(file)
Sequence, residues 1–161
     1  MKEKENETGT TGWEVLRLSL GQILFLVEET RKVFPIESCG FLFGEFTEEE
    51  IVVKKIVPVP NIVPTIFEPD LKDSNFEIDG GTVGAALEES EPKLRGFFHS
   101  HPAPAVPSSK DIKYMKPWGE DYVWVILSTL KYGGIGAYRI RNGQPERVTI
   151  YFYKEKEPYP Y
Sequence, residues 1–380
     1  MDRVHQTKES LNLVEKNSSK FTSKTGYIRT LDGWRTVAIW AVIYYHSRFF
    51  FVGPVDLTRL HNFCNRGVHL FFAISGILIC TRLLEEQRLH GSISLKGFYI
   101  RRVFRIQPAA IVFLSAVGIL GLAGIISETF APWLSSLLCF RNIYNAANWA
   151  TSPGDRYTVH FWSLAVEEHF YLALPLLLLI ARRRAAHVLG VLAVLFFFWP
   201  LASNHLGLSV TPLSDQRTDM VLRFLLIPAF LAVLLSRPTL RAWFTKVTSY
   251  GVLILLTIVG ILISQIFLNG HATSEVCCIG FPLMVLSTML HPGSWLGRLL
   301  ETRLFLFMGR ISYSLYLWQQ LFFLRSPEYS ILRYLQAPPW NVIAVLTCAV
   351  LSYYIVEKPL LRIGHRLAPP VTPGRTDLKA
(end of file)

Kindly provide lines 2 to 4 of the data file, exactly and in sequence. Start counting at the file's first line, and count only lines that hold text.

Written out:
     1  MKEKENETGT TGWEVLRLSL GQILFLVEET RKVFPIESCG FLFGEFTEEE
    51  IVVKKIVPVP NIVPTIFEPD LKDSNFEIDG GTVGAALEES EPKLRGFFHS
   101  HPAPAVPSSK DIKYMKPWGE DYVWVILSTL KYGGIGAYRI RNGQPERVTI